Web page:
Bald 'n Sassy

Life is for the living. Live simply. Expect less.

Archive for the tag “hysterectomy”

Cervical Cancer – My treatment, my story (Part 2)

It’s 11.18pm on Friday night.  I decided to continue my story on my cancer treatment.

So I left off where I had to have my hysterectomy surgery.  I made great recovery post operation that I was discharged 6 days. This was the third week of November 2008 when I left.  Boy, was I eager to get home.  Don’t get me wrong, the nurses at Mount Alvernia Hospital here in Singapore looked really great care of me. And I was also happy that my mum was able to fly from Sydney, Australia to help and look after me post surgery.  I needed my mummy at this stage.

I spent the next several weeks recuperating at home.  My mum being the very traditional chinese mother cooked all the right foods that would aid my recovery. According to my mum and many other chinese mothers’ firmly believe certain foods can help and while others I must avoid.  Take for example, chicken liver cooked with some ginger and sherry replenished the blood loss.  Another good example is specific breed of fish cooked with some chinese herbs could speed up the healing of the scar.  On the other side of the spectrum, consuming prawns and other shellfish would irritate the wound and this would slow down the healing process.  Even consuming soya sauce can darken the scar.  Yes, it is very old wives tales but there is some truth in traditional chinese medicine (TCM).

The 4 weeks healing period was also filled with follow-up medical appointments.  It was also my time to consult the specialist to plan out the radiation treatment. Endured all the pre radiation scans and test. I was blessed to be referred to a great oncologist situated at Mount Elizabeth hospital.  He sat down and walk me through the entire process from how it works and targeted radiated area. I even got to view of the scans of my womb post op. 28 was the magic number assigned to me – this was the number of radiation sessions I had to complete.  I would be radiated daily from Monday to Friday starting 5th December 2008.

When the day arrived for my first radiation session, it took a little longer as the nurses had to use a permanent marker to mark on my pelvic area.  These markers will be used to align the machine to make sure it was precisely targeted.  It took about 10 to 15 mins to be radiated.  While the machine rotates to radiate my front and back of my pelvis, I remembered looking around the room and saw there some posters of fishes and corals on the walls to ease the patient’s tension.  The first session went smoothly and the great thing was that it is pain-free šŸ™‚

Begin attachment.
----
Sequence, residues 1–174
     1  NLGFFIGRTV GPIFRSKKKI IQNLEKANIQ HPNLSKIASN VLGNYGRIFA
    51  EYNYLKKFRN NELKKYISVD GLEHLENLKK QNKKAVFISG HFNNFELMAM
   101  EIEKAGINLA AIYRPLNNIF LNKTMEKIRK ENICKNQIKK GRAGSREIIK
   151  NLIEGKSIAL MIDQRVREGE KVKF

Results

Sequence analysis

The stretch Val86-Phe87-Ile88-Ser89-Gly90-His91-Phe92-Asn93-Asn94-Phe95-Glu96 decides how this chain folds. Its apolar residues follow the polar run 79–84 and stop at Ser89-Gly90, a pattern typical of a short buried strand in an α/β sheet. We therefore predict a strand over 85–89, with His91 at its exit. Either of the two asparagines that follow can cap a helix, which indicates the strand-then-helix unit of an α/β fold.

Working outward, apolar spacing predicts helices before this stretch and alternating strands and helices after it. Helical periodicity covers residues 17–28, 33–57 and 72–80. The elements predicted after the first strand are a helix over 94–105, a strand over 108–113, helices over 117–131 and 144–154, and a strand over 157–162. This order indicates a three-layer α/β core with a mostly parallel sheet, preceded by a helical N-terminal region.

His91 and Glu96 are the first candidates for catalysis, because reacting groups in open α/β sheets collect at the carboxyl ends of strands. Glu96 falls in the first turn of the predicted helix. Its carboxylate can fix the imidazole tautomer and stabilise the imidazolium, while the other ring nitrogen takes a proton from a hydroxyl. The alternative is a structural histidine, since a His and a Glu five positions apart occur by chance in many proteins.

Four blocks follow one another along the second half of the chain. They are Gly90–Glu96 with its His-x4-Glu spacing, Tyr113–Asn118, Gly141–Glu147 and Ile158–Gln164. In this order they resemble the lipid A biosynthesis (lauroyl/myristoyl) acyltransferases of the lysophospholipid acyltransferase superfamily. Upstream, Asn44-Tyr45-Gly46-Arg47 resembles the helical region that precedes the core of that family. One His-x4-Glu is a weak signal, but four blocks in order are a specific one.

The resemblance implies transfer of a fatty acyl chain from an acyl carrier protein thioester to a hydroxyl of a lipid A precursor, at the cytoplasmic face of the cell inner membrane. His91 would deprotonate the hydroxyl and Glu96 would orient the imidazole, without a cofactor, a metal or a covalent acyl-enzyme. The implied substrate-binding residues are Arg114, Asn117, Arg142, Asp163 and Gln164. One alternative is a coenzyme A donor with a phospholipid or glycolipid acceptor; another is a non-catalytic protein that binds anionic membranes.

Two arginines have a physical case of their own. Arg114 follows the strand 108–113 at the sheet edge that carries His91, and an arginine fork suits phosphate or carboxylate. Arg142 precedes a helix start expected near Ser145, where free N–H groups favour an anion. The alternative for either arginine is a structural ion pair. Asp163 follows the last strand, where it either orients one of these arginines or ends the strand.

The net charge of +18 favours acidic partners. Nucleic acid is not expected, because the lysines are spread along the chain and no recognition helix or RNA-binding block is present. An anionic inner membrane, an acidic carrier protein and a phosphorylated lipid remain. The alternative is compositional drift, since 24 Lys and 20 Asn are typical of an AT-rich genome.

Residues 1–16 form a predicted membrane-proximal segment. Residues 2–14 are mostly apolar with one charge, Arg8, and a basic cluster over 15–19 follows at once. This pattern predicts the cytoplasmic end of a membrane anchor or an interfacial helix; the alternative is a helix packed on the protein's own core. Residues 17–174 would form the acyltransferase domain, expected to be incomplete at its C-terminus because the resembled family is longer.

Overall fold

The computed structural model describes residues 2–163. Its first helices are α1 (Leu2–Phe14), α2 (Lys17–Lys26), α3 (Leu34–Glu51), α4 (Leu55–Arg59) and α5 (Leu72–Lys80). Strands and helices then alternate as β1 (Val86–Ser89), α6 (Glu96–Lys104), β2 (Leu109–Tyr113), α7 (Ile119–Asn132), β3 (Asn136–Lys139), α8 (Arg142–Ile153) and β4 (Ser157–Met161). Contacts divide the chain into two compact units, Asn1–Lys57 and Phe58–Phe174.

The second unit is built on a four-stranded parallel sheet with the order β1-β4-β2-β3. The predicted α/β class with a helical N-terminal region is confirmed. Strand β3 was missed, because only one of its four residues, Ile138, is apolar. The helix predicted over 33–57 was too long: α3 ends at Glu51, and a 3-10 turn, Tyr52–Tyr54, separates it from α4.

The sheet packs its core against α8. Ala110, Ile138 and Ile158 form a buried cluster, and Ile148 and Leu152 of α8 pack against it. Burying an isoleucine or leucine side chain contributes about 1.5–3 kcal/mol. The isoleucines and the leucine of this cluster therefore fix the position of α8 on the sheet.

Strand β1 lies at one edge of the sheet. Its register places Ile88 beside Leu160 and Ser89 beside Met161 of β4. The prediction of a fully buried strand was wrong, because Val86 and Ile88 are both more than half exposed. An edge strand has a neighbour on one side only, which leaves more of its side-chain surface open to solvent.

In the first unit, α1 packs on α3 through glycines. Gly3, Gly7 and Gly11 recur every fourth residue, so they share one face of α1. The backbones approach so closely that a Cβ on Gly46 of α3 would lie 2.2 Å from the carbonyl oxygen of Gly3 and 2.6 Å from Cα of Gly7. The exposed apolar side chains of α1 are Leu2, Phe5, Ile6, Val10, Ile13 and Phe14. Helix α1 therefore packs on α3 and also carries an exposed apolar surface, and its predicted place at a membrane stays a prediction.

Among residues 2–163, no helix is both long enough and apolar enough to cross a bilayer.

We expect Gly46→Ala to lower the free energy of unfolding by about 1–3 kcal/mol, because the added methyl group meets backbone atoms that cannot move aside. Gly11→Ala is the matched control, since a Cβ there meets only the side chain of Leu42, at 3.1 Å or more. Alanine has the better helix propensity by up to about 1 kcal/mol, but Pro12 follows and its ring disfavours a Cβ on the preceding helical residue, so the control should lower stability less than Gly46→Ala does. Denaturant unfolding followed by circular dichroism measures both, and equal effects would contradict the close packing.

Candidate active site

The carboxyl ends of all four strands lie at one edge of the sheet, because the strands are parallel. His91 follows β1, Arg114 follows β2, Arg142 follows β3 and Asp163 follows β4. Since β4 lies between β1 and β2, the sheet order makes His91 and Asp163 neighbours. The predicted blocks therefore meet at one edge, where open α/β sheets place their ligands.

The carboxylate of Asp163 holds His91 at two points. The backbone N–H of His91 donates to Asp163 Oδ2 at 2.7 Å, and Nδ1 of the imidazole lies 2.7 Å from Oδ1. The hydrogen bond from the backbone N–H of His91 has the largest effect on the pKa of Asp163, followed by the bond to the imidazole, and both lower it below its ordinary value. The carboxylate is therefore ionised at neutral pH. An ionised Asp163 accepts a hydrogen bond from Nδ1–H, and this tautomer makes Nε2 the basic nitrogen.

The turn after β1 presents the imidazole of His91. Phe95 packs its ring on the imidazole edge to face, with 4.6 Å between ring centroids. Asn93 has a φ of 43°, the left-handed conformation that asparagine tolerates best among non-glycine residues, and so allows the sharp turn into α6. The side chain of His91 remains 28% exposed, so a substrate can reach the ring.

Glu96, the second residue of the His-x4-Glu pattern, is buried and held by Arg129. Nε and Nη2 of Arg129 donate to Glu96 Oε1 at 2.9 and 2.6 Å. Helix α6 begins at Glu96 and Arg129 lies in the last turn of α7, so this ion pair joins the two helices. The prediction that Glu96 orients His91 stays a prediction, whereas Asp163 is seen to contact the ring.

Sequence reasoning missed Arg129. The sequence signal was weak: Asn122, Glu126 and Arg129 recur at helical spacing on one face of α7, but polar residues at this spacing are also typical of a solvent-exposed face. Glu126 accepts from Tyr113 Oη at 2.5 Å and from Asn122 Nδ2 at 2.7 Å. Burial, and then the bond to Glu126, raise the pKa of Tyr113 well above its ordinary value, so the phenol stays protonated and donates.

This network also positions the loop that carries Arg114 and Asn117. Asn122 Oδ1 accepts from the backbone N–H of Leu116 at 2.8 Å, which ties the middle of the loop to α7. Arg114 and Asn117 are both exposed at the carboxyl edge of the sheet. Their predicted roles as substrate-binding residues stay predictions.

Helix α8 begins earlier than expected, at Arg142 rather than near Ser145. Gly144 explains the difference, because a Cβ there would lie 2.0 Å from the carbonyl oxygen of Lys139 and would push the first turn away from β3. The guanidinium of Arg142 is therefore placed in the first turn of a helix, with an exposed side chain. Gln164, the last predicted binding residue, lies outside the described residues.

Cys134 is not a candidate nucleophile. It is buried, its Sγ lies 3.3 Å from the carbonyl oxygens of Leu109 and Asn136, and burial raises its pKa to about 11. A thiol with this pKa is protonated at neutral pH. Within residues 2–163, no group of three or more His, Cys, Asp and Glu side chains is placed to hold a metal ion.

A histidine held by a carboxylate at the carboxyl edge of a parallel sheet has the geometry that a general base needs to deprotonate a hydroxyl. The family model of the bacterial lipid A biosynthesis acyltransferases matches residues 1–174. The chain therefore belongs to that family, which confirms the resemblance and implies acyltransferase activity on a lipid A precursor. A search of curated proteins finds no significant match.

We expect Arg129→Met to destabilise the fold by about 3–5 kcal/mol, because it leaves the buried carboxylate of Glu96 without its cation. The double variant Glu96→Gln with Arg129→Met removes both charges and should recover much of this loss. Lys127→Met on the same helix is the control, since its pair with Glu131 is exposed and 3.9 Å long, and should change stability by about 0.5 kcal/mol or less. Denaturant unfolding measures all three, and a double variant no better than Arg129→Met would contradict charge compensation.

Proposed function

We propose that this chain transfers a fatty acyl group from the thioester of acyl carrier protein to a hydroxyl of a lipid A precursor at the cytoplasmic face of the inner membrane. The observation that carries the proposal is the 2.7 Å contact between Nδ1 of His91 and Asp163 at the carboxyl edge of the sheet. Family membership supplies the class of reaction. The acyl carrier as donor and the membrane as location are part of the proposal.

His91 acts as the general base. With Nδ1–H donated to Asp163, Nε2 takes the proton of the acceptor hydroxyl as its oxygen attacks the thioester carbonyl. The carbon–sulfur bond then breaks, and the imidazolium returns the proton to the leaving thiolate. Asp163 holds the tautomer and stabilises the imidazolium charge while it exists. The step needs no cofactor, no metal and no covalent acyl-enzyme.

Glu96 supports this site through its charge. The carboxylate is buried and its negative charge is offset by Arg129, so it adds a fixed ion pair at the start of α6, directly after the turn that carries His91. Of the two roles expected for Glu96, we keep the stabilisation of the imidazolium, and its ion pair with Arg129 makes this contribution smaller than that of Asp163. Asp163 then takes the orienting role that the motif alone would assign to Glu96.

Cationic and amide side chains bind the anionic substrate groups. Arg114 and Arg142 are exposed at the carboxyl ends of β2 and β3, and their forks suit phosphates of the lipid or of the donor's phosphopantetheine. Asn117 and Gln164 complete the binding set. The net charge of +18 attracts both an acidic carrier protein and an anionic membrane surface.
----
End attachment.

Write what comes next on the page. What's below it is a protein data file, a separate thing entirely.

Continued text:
One of the side effects, I felt from day one of my radiation was fatigue.  Since my session is scheduled in the morning, I would be very tired just after lunch.  As nurses guided me, I took a nap when this happens.  As I progressed along the radiation treatment other side effects I encountered included pubic hair loss, darkened skin where it is radiated and diarrhoea.  In addition to no shellfish and soya sauce intake, I had to change my diet to a low fibre diet to reduce the tummy side effects.  Oh what fun!

Aside from the western treatment, I decided to complement my radiation with some TCM.  The TCM doctor recommended to take some ginseng and cordyceps to minimize the side effects of radiation.  TCM is a mind-boggling and you have to combine the right herbs is not easy.  So I bought a premium grade ginseng and cordyceps.  I would alternate between 2 herbs where it would be simply brewed with water.  You could say drinking the brew was a necessary “caffeine intake”.  Some chinese medicinal herbs don’t always have a pleasant smell and this is a deterrent for me.  If it taste awful, it would take me a little longer to finish drinking the brew.  I force myself to drink simply because it is meant to be “good for me”.  Luckily the ginseng and cordyceps had a nice after taste that I didn’t mind it all.

Come to 3rd week of January 2009, I successfully completed my 28 sessions of radiation.  I asked my oncologist if I get a certificate of achievement for completing all the sessions.  He laughed at me and said that he will work on that.  To this day, 2 years later, I am still waiting for my certificate.